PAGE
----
Does thermal plasticity affect susceptibility to capture in fish? Insights from a simulated trap and trawl fishery

Publication: Canadian Journal of Fisheries and Aquatic Sciences8 September 2020https://doi.org/10.1139/cjfas-2020-0125

Abstract

In fishes, physiological and behavioural traits can correlate with vulnerability to capture with fishing gears, highlighting the capacity of fisheries selection to drive phenotypic change in exploited populations. There remains a paucity of information regarding how different fishing gears may select on phenotypic traits and how relationships between individual traits and capture vulnerability change across environmental gradients. By simulating the capture process in a trawl and trap using wild minnows (Phoxinus phoxinus) acclimated to different temperatures, we investigated how contrasting fishing gears select on behavioural and physiological traits and how this selection is modulated by temperature. Despite similar risk of capture in each gear, selection differed between traps and trawls. Fish exhibiting low spontaneous activity were at greater capture risk in the trawl across all temperatures, while traps showed no selection except at 24 °C. No relationships between physiological traits and capture vulnerability were found, except between swim performance and trap capture vulnerability at 24 °C. This study demonstrates that fisheries selection on individual traits is likely context-specific, depending on both fishing gear type and environment.

Résumé

Chez les poissons, des caractères physiologiques et comportementaux peuvent être corrélés à la vulnérabilité à la capture par des engins de pêche, ce qui souligne la capacité de la sélection par la pêche d’entraîner des modifications phénotypiques dans les populations exploitées. Peu d’information est toutefois disponible sur la sélection de différents caractères phénotypiques pouvant découler de différents engins de pêche et sur les variations des relations entre des caractères précis et la vulnérabilité à la capture le long de gradients de conditions ambiantes. En simulant le processus de capture dans un chalut et un casier de ménés sauvages (Phoxinus phoxinus) acclimatés à différentes températures, nous avons examiné la sélection de caractères comportementaux et physiologiques par différents engins de pêche, et comment la température module cette sélection. Malgré le fait que le risque de capture est semblable pour les différents engins, la sélection varie entre les casiers et les chaluts. Les poissons présentant une faible activité spontanée ont un plus grand risque de capture dans un chalut à toutes les températures étudiées, alors que les casiers ne font pas preuve de sélection, saduf à 24 °C. Aucune relation entre des caractères physiologiques et la vulnérabilité à la capture n’est relevée, sauf entre la performance de nage et la vulnérabilité à la capture par les casiers à 24 °C. L’étude démontre que la sélection par la pêche de caractères précis dépend probablement du contexte, notamment du type d’engin de pêche et du milieu ambiant. [Traduit par la Rédaction]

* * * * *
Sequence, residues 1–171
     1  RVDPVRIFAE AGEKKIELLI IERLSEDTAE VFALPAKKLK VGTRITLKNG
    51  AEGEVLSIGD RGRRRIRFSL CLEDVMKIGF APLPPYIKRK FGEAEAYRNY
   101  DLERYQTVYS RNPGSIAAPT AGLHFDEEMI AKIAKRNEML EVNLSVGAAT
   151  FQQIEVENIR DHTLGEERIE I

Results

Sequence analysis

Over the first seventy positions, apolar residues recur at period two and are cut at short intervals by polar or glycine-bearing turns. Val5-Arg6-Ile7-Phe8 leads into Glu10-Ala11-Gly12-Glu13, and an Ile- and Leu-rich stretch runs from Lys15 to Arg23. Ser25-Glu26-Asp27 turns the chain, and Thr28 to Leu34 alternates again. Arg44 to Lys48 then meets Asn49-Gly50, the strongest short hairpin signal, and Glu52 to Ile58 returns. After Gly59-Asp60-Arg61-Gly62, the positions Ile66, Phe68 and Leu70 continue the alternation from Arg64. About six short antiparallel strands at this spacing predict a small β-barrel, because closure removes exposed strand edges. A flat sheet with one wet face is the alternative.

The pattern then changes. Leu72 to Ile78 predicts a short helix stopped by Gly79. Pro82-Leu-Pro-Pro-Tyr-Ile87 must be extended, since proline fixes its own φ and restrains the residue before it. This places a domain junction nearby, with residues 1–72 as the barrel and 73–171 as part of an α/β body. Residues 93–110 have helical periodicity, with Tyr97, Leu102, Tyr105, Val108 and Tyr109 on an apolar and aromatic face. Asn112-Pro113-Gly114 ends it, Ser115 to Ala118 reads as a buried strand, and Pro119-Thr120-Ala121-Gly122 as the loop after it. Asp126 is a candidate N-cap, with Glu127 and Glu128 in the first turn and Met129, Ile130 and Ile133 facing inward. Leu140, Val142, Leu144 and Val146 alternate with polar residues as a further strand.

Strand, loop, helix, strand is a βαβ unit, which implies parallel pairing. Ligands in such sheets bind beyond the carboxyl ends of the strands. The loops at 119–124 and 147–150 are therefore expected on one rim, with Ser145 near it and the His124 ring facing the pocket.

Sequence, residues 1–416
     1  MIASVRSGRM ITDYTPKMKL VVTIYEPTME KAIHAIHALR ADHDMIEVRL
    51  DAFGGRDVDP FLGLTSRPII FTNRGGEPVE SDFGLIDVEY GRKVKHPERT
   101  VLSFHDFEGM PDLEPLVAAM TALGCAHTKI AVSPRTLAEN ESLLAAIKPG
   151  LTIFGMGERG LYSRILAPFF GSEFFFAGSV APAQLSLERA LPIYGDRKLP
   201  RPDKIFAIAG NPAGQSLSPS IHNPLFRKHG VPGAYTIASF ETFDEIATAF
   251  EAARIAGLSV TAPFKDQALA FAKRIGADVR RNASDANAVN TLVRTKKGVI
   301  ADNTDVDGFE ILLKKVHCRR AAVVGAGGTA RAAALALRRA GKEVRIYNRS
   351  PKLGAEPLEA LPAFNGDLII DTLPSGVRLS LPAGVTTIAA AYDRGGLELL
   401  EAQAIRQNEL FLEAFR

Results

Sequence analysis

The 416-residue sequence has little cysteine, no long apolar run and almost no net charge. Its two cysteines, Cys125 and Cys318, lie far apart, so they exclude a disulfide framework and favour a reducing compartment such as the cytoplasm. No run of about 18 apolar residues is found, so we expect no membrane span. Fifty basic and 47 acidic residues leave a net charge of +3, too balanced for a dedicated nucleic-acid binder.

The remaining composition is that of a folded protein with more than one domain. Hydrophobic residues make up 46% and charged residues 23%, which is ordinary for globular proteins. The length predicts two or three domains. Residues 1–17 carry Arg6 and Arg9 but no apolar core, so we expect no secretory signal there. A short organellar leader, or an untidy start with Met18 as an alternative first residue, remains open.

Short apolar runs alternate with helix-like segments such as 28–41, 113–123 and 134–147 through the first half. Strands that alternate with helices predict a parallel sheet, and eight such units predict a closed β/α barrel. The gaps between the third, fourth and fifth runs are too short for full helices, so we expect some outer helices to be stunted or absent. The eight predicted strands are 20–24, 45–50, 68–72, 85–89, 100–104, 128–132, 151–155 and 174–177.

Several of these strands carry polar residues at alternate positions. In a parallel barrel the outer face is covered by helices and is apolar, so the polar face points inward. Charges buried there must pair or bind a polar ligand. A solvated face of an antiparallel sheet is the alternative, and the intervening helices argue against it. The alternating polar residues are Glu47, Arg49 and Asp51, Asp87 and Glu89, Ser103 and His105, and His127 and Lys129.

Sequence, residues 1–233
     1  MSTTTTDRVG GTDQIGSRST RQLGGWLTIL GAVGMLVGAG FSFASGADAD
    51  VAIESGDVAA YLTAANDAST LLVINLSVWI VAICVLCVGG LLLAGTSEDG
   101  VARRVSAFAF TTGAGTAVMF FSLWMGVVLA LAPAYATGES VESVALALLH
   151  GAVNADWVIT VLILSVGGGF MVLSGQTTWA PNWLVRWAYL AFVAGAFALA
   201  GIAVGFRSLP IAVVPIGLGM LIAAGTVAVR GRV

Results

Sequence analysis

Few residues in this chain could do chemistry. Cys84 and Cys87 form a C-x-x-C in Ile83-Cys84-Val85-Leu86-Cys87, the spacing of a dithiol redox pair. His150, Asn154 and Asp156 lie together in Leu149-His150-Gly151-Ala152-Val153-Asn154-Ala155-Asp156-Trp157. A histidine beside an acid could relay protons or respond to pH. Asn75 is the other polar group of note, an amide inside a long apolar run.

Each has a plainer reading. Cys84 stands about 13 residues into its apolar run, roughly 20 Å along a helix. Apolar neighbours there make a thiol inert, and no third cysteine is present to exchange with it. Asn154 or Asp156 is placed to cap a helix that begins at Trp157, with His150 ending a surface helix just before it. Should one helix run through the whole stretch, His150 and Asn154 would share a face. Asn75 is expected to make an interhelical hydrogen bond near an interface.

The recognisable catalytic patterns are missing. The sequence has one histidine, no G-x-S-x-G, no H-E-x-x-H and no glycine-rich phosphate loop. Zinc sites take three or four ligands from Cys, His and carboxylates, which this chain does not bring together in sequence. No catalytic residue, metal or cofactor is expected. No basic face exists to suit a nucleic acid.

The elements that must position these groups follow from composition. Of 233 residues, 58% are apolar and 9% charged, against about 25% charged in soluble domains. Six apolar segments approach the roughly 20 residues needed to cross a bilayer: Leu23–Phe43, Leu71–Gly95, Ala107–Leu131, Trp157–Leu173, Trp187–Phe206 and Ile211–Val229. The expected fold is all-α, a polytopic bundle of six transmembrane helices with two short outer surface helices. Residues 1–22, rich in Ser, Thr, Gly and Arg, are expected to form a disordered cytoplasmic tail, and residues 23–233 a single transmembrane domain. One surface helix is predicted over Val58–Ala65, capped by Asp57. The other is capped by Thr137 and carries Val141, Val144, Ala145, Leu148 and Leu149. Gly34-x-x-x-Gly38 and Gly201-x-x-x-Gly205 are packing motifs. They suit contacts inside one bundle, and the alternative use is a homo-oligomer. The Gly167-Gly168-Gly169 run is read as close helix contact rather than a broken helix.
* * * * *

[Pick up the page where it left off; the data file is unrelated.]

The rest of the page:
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Canadian Journal of Fisheries and Aquatic Sciences cover image
Canadian Journal of Fisheries and Aquatic Sciences
Volume 78Number 1January 2021
Pages: 57 - 67

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Received: 13 April 2020
Accepted: 16 August 2020
Published online: 8 September 2020

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Institute of Biodiversity, Animal Health & Comparative Medicine, Graham Kerr Building, College of Medical, Veterinary and Life Sciences, University of Glasgow, Glasgow G12 8QQ, UK.
B. Koeck
Institute of Biodiversity, Animal Health & Comparative Medicine, Graham Kerr Building, College of Medical, Veterinary and Life Sciences, University of Glasgow, Glasgow G12 8QQ, UK.
A. Crespel
Institute of Biodiversity, Animal Health & Comparative Medicine, Graham Kerr Building, College of Medical, Veterinary and Life Sciences, University of Glasgow, Glasgow G12 8QQ, UK.
D.M. Bailey
Institute of Biodiversity, Animal Health & Comparative Medicine, Graham Kerr Building, College of Medical, Veterinary and Life Sciences, University of Glasgow, Glasgow G12 8QQ, UK.
S.S. Killen
Institute of Biodiversity, Animal Health & Comparative Medicine, Graham Kerr Building, College of Medical, Veterinary and Life Sciences, University of Glasgow, Glasgow G12 8QQ, UK.

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